When I was first invited to join CTR’s new Steampunk site, I hesitated. don’t get me wrong – I love Steampunk! – but my novellas are… a little harder to class. I like to mix genres, so I don’t have a story one can shelve as “Steampunk”. There’s always something of an overlap. I also don’t like genre to overshadow the plot. IRONHAVEN – my first publication – is about love refound. It’s set on a future Earth, is apocalyptical, science fiction, romance and has a dash of Steampunk. Blink and you’ll miss it, but it’s there in Gen’s lab, in her choice of clothing and the reliance on gas.
ELEANOR’S HEART, released last year, is a bit more obvious. It’s set in Victorian England, and includes a steam train and an airship. The main character is addicted to laundanum, an opiate often used in the period. But there are also a vampires, a species war and a temple hidden under Glastonbury. It’s paranormal, historical romance, and Steampunk all mixed together.
I don’t write Steampunk. I write a whole load of speculative genres lumped in with a generous dose of romance. I’m the Heston Blumenthal of romance. A genre alchemist. 😀
What does Steampunk mean to you?
More than just a genre. I first came into contact with Steampunk eighteen months ago, when a friend of a friend mentioned a local group. I joined up, found people who accepted me no matter what, and that was that.
What is your favorite thing about steampunk or writing about steampunk?
Letting your imagination run riot. It’s not all cogs, bustles and goggles.
What is your favorite steampunk accessory?
Oh God, corsets. I love them!
What turned you on to steampunk?
Like I said, a friend of a friend. Plus I’ve always had a fondness for steam trains (I blame The Railway Children) and a fascination for machinery.
Do you have any upcoming Steampunk stories you can tell us about?
I don’t have anything set for release, but I am working on a series of shorts stories and a Steampunk Western (with zombies)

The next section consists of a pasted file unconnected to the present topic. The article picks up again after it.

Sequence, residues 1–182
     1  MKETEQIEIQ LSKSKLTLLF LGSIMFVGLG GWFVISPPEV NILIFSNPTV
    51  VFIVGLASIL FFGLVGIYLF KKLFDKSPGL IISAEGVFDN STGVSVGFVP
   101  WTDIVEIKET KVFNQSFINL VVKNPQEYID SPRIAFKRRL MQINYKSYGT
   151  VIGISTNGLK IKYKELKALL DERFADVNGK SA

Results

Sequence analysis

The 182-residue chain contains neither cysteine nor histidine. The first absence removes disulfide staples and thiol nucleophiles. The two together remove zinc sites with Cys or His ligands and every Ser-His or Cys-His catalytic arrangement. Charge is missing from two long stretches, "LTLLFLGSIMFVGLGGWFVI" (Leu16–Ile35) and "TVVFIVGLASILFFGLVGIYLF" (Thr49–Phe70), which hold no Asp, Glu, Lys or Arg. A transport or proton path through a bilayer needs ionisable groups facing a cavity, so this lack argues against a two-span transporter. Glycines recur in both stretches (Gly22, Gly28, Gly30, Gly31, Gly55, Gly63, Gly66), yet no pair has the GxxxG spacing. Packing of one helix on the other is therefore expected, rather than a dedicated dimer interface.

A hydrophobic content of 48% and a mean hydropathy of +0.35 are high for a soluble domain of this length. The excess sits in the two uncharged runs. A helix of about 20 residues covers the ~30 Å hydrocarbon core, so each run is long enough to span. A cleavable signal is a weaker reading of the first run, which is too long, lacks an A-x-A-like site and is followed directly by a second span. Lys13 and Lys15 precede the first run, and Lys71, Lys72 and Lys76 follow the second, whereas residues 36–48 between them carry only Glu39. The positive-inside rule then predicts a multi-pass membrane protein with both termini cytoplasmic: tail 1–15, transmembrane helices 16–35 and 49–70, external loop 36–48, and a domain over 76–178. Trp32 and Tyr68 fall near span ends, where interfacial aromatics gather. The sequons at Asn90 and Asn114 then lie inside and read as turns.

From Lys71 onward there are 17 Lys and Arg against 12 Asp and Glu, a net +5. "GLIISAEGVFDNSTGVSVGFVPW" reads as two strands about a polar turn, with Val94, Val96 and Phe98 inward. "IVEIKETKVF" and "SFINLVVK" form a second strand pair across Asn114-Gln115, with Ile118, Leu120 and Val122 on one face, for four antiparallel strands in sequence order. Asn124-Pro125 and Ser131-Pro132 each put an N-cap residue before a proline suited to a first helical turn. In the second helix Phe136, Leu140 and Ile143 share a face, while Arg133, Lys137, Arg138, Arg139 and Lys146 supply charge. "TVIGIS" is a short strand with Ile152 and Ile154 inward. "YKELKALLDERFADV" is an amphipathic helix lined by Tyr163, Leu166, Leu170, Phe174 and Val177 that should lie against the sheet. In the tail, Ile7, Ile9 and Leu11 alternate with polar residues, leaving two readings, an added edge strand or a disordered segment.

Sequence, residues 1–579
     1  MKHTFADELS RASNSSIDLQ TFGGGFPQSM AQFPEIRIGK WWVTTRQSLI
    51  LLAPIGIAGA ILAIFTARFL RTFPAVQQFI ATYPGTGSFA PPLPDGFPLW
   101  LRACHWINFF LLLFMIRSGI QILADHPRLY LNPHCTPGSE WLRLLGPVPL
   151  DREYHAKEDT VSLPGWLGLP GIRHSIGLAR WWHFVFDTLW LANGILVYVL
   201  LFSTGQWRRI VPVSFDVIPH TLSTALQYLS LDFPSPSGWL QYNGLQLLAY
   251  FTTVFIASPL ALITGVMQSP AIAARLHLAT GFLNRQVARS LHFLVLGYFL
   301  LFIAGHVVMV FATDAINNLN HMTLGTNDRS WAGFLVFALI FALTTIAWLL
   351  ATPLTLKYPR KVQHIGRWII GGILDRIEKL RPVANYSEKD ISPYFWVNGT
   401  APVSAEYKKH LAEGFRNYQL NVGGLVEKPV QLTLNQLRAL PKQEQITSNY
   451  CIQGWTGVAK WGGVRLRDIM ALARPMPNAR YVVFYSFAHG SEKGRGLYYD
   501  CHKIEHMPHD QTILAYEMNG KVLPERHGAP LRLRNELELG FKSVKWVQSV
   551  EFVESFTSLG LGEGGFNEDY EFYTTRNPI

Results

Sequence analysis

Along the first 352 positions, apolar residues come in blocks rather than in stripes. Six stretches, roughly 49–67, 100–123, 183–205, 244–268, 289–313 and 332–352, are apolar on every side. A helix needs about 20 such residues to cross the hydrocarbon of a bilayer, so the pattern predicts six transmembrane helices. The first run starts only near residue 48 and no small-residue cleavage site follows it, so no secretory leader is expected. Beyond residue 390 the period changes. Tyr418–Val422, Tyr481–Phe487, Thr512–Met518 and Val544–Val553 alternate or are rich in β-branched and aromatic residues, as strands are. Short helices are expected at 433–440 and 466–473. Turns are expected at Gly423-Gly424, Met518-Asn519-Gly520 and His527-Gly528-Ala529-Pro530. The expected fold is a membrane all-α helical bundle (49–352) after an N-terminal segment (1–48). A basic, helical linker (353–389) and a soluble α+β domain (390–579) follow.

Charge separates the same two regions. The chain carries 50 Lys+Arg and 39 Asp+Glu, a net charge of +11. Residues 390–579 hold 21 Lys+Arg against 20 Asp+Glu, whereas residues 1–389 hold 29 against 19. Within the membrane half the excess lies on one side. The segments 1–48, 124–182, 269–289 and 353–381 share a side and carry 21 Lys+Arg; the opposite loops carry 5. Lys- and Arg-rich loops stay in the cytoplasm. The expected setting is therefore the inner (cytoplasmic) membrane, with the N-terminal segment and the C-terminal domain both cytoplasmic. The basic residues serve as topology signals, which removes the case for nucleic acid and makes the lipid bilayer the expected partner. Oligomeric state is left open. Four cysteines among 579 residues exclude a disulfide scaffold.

Who is your favorite character of all from one of your Steampunk stories?
Gen, from IRONHAVEN. She’s an inventor that refused to accept the status quo and fought to save the planet. She has a real heart of gold, but is physically and emotionally scarred. I love her sense of right and wrong, and her determination.
What’s the hardest thing about creating a Steampunk universe?
I think there’s a temptation to throw in a lot of stereotypes to “make” it Steampunk. But if you do that, it just comes off as being too much. The Steampunk should evolve from the world, not the other way around.
What’s the easiest thing about creating a Steampunk universe?
Being able to rewrite history!
What does steampunk allow you to do as a writer that no other genres can?
Steampunk crosses genres. It can be purely historical, alternate history, future-set, fantasy-set and so on.
What are the challenges and advantages to writing a steampunk story?
A definite challenge is making your world different to others’. An advantage is that you aren’t stuck in one era, or even on one planet – I’ve read sci fi where the society, though alien, uses steam technology and so on.
How much research does it take and how much imagination?
Research depends on how close to history you want to get. I’m currently researching the language used in the American West during the Victorian/Edwardian period. It does take some imagination. It also takes an ability to think sideways and not follow convention. The whole idea of Steampunk is to push boundaries.